MI weekly selection #482

Photo: Beijing SHRIMP Center, Institute of Geology, CAGS

Climate change boosted hurricane rainfall

Using the scientifically-accepted attribution technique they developed and shared earlier this year, a pair of researchers have released a subsequent study finding climate changes has led to at least 10% more rainfall during Hurricane Ian, which struck the US this week, than in a world without excess greenhouse gases trapping heat in the atmosphere. Climate scientist Michael Wehner and atmospheric scientist Kevin Reed developed the model based on data from hurricanes recorded in 2020.

Full Story: The Associated Press

Dogs can detect the scent of stress

Dogs can be trained to detect changes in body odor or breath that occur when people are under stress, and the finding might improve training of service dogs for people with post-traumatic stress disorder, says Clara Wilson, first author of a study in PLOS ONE. It’s likely that even companion dogs with no training can smell when their owner is stressed, Wilson said.

Full Story: The Guardian

91% of methane burned away in fuel production

Though oil and gas companies claim 98% of methane released through fuel production is burned away, a study in Science found the true number is closer to 91%, and the 7% difference leads to the equivalent of around 3 million cars worth of pollution in the atmosphere. “Any percentage that is in the methane phase instead of CO2 phase is substantially more problematic,” said atmospheric scientist Dan Cusworth, who was not involved in the study.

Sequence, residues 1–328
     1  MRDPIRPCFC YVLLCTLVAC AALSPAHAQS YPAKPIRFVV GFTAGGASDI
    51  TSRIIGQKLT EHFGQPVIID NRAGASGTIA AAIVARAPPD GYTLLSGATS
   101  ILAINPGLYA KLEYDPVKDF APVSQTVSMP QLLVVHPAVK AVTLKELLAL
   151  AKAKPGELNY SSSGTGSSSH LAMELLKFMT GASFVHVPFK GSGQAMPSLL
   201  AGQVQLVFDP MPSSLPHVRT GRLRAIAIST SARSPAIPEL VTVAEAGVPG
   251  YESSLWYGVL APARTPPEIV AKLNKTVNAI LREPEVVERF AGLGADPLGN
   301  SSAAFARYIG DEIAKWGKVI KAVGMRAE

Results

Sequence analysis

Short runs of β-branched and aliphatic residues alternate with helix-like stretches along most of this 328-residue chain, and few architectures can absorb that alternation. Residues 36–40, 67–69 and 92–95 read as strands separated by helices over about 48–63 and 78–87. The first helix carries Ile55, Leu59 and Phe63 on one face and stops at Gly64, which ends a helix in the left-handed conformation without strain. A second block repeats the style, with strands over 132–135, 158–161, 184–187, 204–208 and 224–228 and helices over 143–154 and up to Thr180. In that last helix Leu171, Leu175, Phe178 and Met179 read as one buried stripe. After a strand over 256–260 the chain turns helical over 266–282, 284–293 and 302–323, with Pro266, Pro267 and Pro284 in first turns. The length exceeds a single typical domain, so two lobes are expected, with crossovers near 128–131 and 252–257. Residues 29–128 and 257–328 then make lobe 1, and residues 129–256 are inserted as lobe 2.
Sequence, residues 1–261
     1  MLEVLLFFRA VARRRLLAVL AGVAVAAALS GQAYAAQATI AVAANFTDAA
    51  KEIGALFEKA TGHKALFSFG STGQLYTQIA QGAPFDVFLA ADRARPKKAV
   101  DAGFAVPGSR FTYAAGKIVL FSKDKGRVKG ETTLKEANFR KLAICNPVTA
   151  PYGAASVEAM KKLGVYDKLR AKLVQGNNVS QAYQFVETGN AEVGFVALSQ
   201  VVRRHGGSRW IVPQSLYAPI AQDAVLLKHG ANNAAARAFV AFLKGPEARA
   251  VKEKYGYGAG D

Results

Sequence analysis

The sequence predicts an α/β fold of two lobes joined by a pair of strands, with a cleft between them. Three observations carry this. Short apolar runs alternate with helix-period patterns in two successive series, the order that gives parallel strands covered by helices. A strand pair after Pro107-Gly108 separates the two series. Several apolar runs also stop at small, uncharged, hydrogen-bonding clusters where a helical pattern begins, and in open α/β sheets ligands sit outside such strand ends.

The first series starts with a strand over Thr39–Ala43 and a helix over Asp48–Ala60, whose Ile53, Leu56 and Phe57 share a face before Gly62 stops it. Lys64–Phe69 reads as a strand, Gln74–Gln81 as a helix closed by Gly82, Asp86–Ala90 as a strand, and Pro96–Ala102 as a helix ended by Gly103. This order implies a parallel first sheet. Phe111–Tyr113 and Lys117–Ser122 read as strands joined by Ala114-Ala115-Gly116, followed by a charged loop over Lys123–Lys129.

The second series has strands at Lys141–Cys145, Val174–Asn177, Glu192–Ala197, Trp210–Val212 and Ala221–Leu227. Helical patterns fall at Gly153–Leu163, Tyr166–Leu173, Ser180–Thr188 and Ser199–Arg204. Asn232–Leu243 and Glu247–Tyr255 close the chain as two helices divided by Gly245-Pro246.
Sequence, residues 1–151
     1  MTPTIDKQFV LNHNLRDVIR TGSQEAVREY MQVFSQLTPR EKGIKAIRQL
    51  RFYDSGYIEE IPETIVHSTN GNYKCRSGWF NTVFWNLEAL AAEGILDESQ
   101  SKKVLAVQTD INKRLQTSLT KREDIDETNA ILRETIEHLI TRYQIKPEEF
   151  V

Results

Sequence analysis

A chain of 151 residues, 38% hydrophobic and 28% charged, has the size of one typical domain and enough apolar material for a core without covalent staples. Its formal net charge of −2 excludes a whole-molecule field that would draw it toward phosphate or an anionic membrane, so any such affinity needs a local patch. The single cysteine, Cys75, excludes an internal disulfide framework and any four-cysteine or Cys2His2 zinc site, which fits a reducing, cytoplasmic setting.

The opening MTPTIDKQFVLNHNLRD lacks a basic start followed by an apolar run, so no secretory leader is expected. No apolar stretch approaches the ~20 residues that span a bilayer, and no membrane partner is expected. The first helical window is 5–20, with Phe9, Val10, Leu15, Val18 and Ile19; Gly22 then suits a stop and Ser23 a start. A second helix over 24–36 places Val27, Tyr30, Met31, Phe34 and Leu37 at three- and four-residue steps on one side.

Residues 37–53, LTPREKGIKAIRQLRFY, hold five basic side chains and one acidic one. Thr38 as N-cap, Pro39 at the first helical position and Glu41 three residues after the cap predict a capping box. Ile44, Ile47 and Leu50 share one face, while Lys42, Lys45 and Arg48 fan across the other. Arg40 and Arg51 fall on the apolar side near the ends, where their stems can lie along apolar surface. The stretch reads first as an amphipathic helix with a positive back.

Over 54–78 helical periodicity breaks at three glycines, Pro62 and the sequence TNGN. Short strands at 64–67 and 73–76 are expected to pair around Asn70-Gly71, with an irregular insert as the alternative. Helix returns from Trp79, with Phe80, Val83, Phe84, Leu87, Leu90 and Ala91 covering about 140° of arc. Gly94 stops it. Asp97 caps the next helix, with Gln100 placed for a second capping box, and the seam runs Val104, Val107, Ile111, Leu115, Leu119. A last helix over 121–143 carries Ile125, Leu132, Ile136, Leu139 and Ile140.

Full Story: Science News

Sex tied to longevity gene in mouse study

There are genes in mice that are directly responsible for how long they live, but different genes control longevity in female mice, who live longer than males. “It just shows you that sex is an important thing to consider in these studies,” said geneticist Maroun Bou Sleiman, co-author of the study, which mapped the DNA of 3,000 mice to determine which areas of the genome affected lifespan.

Full Story: The Scientist

Lunar glass beads tie meteorite strike on Earth, Moon

Microscopic and chemical analysis of 135 tiny glass beads recovered from the surface of the Moon suggests there is a history of lunar meteorite impacts that correlates directly with impact on Earth, and that many of Earth’s impact events may have been accompanied by smaller impacts. “We found that some of the age groups of the lunar glass beads coincide precisely with the ages of some of the largest terrestrial impact crater events, including the Chicxulub impact crater responsible for the dinosaur extinction event,” said geologist Alexander Nemchin, co-author of the study.

Full Story: ScienceAlert

Leave a Reply

Your email address will not be published.